United States v. Khalil, No. 15-3819 (2d Cir. 2017)

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Justia Opinion Summary

At issue in this appeal was whether defendant should have been acquitted of transporting an alien within the United States for profit in violation of 8 U.S.C. 1324(a)(1)(A)(ii) and 1324(a)(1)(B)(i). The Second Circuit reversed the conviction, holding that the evidence was insufficient to prove that defendant transported an alien "in furtherance of" the alien's illegal stay in the United States, as required by section 1324(a)(1)(A)(ii) and by the district court's jury instructions. Although the Government did present evidence that defendant drove the alien to Pennsylvania Station in order to facilitate the alien's entry into Canada using a fraudulent passport, such a showing alone cannot establish a direct and substantial relationship between the transportation and an act in furtherance of the alien's unlawful presence in the United States. The Second Circuit remanded with instructions to dismiss the count and for de novo sentencing.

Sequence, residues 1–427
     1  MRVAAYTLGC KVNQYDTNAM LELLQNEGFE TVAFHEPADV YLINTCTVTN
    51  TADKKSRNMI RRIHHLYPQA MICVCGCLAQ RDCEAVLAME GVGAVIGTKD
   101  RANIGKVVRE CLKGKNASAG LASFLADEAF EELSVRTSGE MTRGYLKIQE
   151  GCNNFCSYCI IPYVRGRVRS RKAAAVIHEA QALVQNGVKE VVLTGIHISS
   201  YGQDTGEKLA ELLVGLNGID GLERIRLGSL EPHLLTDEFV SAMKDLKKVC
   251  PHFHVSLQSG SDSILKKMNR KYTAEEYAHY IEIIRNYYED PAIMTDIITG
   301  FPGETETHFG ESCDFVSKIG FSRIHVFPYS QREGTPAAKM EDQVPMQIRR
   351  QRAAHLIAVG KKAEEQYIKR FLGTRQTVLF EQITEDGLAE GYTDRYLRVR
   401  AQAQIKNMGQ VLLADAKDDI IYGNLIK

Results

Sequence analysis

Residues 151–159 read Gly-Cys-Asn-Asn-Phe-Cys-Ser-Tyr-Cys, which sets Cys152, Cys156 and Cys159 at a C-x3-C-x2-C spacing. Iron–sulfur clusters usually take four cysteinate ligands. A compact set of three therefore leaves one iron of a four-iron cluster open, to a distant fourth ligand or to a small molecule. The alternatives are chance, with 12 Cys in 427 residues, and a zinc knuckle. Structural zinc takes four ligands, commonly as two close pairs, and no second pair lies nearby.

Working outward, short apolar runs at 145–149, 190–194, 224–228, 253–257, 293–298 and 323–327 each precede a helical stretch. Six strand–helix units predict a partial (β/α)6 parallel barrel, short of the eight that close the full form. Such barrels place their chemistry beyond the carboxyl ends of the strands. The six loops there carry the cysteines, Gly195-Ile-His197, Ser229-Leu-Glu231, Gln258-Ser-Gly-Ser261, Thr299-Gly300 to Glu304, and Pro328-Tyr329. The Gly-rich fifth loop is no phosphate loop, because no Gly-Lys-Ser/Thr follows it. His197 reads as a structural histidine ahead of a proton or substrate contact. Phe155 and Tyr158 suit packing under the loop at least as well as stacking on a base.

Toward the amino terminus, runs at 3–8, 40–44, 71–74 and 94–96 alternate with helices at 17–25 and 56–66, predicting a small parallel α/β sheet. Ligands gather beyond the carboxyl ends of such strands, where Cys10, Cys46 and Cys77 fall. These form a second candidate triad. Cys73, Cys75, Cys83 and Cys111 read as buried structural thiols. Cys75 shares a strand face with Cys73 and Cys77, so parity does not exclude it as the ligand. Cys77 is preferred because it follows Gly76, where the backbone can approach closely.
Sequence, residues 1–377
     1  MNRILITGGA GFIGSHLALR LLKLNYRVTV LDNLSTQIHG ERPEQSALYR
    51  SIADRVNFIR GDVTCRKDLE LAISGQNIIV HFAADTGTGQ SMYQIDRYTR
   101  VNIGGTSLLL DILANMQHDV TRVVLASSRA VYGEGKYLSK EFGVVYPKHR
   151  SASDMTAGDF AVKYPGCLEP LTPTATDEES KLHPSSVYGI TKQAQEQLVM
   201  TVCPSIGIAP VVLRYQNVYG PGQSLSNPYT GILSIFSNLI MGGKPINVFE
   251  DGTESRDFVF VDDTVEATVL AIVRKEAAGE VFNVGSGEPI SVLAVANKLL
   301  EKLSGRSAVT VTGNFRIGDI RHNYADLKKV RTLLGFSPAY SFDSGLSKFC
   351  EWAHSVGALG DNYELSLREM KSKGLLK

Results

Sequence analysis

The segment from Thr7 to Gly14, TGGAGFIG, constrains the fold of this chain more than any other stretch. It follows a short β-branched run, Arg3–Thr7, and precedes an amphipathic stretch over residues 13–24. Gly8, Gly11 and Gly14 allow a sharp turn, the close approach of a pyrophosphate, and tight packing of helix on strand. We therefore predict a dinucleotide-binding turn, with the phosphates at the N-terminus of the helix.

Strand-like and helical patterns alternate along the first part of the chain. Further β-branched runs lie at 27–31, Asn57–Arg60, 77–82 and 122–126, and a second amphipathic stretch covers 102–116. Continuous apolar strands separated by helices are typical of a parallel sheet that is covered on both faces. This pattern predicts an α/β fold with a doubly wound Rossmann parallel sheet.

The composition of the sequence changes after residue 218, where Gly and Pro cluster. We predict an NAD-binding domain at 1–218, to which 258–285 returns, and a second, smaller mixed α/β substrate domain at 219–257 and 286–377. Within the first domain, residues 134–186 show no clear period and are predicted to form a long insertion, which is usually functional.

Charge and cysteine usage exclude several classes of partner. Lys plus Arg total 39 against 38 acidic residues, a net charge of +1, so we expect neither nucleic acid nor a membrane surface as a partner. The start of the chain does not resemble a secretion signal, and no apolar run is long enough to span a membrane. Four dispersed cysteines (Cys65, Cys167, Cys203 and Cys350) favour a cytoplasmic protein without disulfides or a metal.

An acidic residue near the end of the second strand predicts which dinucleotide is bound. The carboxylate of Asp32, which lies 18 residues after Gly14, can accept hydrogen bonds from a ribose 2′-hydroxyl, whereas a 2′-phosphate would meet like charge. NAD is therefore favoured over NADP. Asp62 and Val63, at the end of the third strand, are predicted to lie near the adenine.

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15-3819-cr United States v. Khalil UNITED STATES COURT OF APPEALS FOR THE SECOND CIRCUIT 1 2 3 4 5 6 7 8 9 10 August Term, 2016 Argued: April 20, 2017 Decided: May 16, 2017 Docket No. 15-3819-cr 11 12 13 14 15 16 17 18 19 20 21 22 23 24 25 26 27 28 29 30 31 32 33 34 35 UNITED STATES OF AMERICA, Appellee, – v. – CHOUDRY MUHAMMAD KHALIL, Defendant-Appellant. Before: CALABRESI, WESLEY, and LOHIER, Circuit Judges. FOR APPELLANT: ANDREW H. FREIFELD, Law Office of Andrew Freifeld, New York, NY. FOR APPELLEE: MATTHEW J. JACOBS (Emily Berger, Alexander A. Solomon, on the brief), Assistant United States Attorneys, for Bridget M. Rohde, Acting United States Attorney for the Eastern District of New York, Brooklyn, NY. 36 37 38 39 GUIDO CALABRESI, Circuit Judge: Defendant-Appellant Choudry Muhammad Khalil appeals from a judgment of the United States District Court for the Eastern District of New York (Mauskopf, J.) following 1 1 his conviction for (1) smuggling, conspiring to smuggle, transporting, conspiring to 2 transport, and harboring an alien in violation of 8 U.S.C. § 1324; (2) transferring and 3 conspiring to transfer false identification documents in violation of 18 U.S.C. § 1028; and 4 (3) making false statements to federal agents in violation of 18 U.S.C. § 1001. On appeal, 5 Khalil argues that the district court erred in denying his motion for judgments of acquittal 6 on several counts of his conviction, that the district court constructively amended the 7 indictment, and that the district court misapplied the United States Sentencing Guidelines. 8 Most of Khalil’s contentions are dealt with in a summary order filed simultaneously 9 with this opinion. Here, we address only Khalil’s argument that he should have been 10 acquitted of transporting an alien within the United States for profit in violation of 8 U.S.C. 11 § 1324(a)(1)(A)(ii) and § 1324(a)(1)(B)(i) (Count Four). Khalil asserts that the evidence 12 presented by the Government was insufficient to prove that he transported an alien “in 13 furtherance of” the alien’s illegal stay in the United States, as required by 8 U.S.C. § 14 1324(a)(1)(A)(ii) and by the district court’s jury instructions. We agree. We therefore reverse 15 the judgment of conviction on Count Four and remand the case with instructions for the 16 district court to dismiss that count and for de novo resentencing. 17 2 1 I. BACKGROUND 2 We recount the facts and procedural history of the case only as relevant to the alien 3 transportation charges under Count Four. Because the jury found Khalil guilty on that 4 Count, “we view the evidence in the light most favorable to the government.” United States 5 v. Veliz, 800 F.3d 63, 66 (2d Cir. 2015), cert. denied, 136 S. Ct. 522 (2015) (internal quotation 6 marks omitted). 7 8 9 A. The Enterprise Khalil and his younger brother Ahmed, both born in Pakistan, became United States citizens in 2001 and 2008, respectively. At least as early as 2002, the brothers were 10 principals of an international passport fraud ring operating primarily in Pakistan, the United 11 States, and the United Kingdom. The organization specialized in manufacturing high- 12 quality identity documents, such as passports, driver’s licenses, and work permits. It also 13 facilitated the illegal entry of undocumented aliens into the United States and Canada, and 14 sometimes helped them to find housing and jobs in these countries. The organization’s 15 clients paid substantial fees for these services, which the brothers began collecting once their 16 clients were established and employed. The record shows that Ahmed worked from 17 Pakistan, London, and New York, while Khalil worked from Queens, New York, where he 18 was also employed as a taxi driver. 3 1 2 B. Transportation of Rafique from Queens to Pennsylvania Station In 2002, Ahmed agreed to smuggle Muhammad Nasir Rafique, a Pakistani man, 3 into the United States for $25,000. Ahmed provided Rafique with a false United Kingdom 4 passport and arranged for his air travel using that passport from London to New York City. 5 Upon Rafique’s arrival in New York City, Ahmed and Khalil, using fraudulent licenses, 6 helped Rafique secure employment as a taxi driver. At Ahmed’s direction, Rafique began to 7 repay his $25,000 debt in weekly installments. 8 9 In early 2010, Rafique told Khalil that he wanted a fake British passport. Rafique believed that a fake British passport would enable him to obtain legal status in the United 10 States. After Rafique had made a $1,000 down payment on the passport, Khalil 11 recommended that Rafique instead use the passport to travel to Canada, explaining that he 12 and Ahmed had sent other individuals to Canada, where they had successfully obtained 13 legal status. Rafique agreed to this plan. 14 In late 2010, Khalil informed Rafique that the passport was ready. In the early 15 morning of December 10, 2010, Khalil drove his taxi to pick up Rafique in Queens. Khalil 16 gave the fake passport to Rafique and then drove him to Pennsylvania Station in 17 Manhattan, where Khalil parked the car and bought Rafique a train ticket to Montreal. 18 Rafique boarded the Canada-bound train but was arrested by United States Customs and 19 Border Protection officers just before reaching the border. 4 1 C. Procedural History 2 On April 9, 2015, a grand jury in the United States District Court for the Eastern 3 District of New York returned a ten-count, third superseding indictment against Khalil. 4 A jury trial began in April 2015. Khalil moved for a judgment of acquittal on each 5 count pursuant to Rule 29 of the Federal Rules of Criminal Procedure (“Rule 29”). After the 6 close of the Government’s and Khalil’s cases, the district court denied the motion. The jury 7 convicted Khalil on all ten counts. 8 On November 5, 2015, the district court imposed: (a) a 51-month sentence on each 9 count to run concurrently, followed by 3 years of supervised release; (b) a judgment of 10 forfeiture; and (c) a $1,000 special assessment. Khalil, who was released on bond at the 11 commencement of the case, was remanded upon conviction, and has been imprisoned since. 12 13 14 II. DISCUSSION A. Standard of Review We review the denial of a Rule 29 motion arguing sufficiency of the evidence de novo. 15 United States v. Soler, 759 F.3d 226, 229 (2d Cir. 2014). In doing so, we ask “whether, after 16 viewing the evidence in the light most favorable to the prosecution, any rational trier of fact 17 could have found the essential elements of the crime beyond a reasonable doubt.” Jackson v. 18 Virginia, 443 U.S. 307, 319 (1979). 5 1 2 B. Sufficiency of the Evidence: Transportation of Rafique Khalil was convicted on Count Four of violating 8 U.S.C. § 1324(a)(1)(A)(ii), which 3 provides that the offense of unlawfully transporting an alien within the United States is 4 committed by any person who: 5 knowing or in reckless disregard of the fact that an alien has come to, entered, or 6 remains in the United States in violation of law, transports, or moves or attempts to 7 transport or move such alien within the United States by means of transportation or 8 otherwise, in furtherance of such violation of law 9 10 8 U.S.C. § 1324(a)(1)(A)(ii) (emphasis added). With respect to the “in furtherance of” element of the crime, the district court charged the jury as follows: 6 1 [T]he government must prove beyond a reasonable doubt . . . that the defendant 2 acted willfully in furtherance of the alien’s violation of law. In order to establish this 3 element, the government must prove that the defendant knowingly and intentionally 4 transported the alien in furtherance of the alien’s unlawful presence in the United 5 States. In other words, the evidence must show a direct and substantial relationship 6 between the transportation and its furtherance of the alien’s unlawful presence in the United 7 States. Transportation of an alien unlawfully within the country is not, by itself, a 8 violation of the statute if it is merely incidental to the alien’s presence in the United 9 States, for the law proscribes such conduct only when it is in furtherance of the 10 alien’s unlawful presence. 11 App. at 1465-66 (emphasis added). Khalil did not object to these instructions before the 12 district court and does not object to them on appeal. Accordingly, we express no views 13 about their correctness. Cf. United States v. Stonefish, 402 F.3d 691, 695 (6th Cir. 2005) (“In 14 order to find that a defendant has acted ‘in furtherance of such violation of law,’ a court 15 must conclude that the specific intent of the person transporting the illegal aliens was ‘to 16 deliberately assist an alien in maintaining his or her illegal presence’ in this country.” 17 (quoting United States v. 1982 Ford Pick-Up, 873 F.2d 947, 951 (6th Cir. 1989))); United States 18 v. Barajas-Chavez, 162 F.3d 1285, 1288 (10th Cir. 1999) (en banc) (“[W]e conclude the ‘in 7 1 furtherance of’ language is unambiguous. The statute requires that a . . . defendant's 2 transportation or movement of the alien will help, advance, or promote the alien's illegal 3 entry or continued illegal presence in the United States.”). 4 5 Khalil argues that the district court erred in denying his motion for acquittal of this charge because, in driving Rafique to Pennylvania Station, Khalil 6 did not intend to “further” [Rafique’s] illegal presence in the United States, nor did 7 the government show any “direct and substantial relationship between the 8 transportation and its furtherance of the alien’s unlawful presence.” To the contrary, 9 the undisputed evidence shows that the purpose of the transportation was to 10 11 12 terminate [Rafique’s] illegal presence in the United States forthwith. Def. Br. 38. Khalil is correct. There was insufficient evidence to allow a rational trier of fact to 13 find, beyond a reasonable doubt, that the Government had proven this element of the crime 14 as it was explained in the district court’s jury instructions. Although the Government did 15 present evidence that Khalil drove Rafique to Pennsylvania Station in order to facilitate 16 Rafique’s entry into Canada using a fraudulent passport, such a showing alone cannot 17 establish a direct and substantial relationship between the transportation and an act in 18 furtherance of Rafique’s unlawful presence in the United States. The Government, for 19 example, does not allege—nor is there anything in the record to suggest—that Khalil 8 1 intended to help Rafique enter Canada in order for Rafique to somehow return to the 2 United States illegally. We therefore reverse Khalil’s conviction on Count Four. 3 “[W]hen a count of conviction is overturned due to a ‘conviction error,’ the proper 4 remedy is de novo resentencing, except in circumstances not applicable here.” United States v. 5 Natal, 849 F.3d 530, 538 (2d Cir. 2017) (per curiam) (citing United States v. Powers, 842 F.3d 6 177, 179–81 (2d Cir. 2016) (per curiam)). Therefore, on remand, Khalil must be resentenced 7 de novo. 8 III. CONCLUSION 9 For the reasons stated above, we REVERSE the judgment of conviction on Count 10 Four, and REMAND the case with instructions for the district court to dismiss that count 11 and for de novo resentencing. For the reasons stated in the accompanying summary order, 12 we AFFIRM the district court’s judgments of conviction on the remaining Counts. 9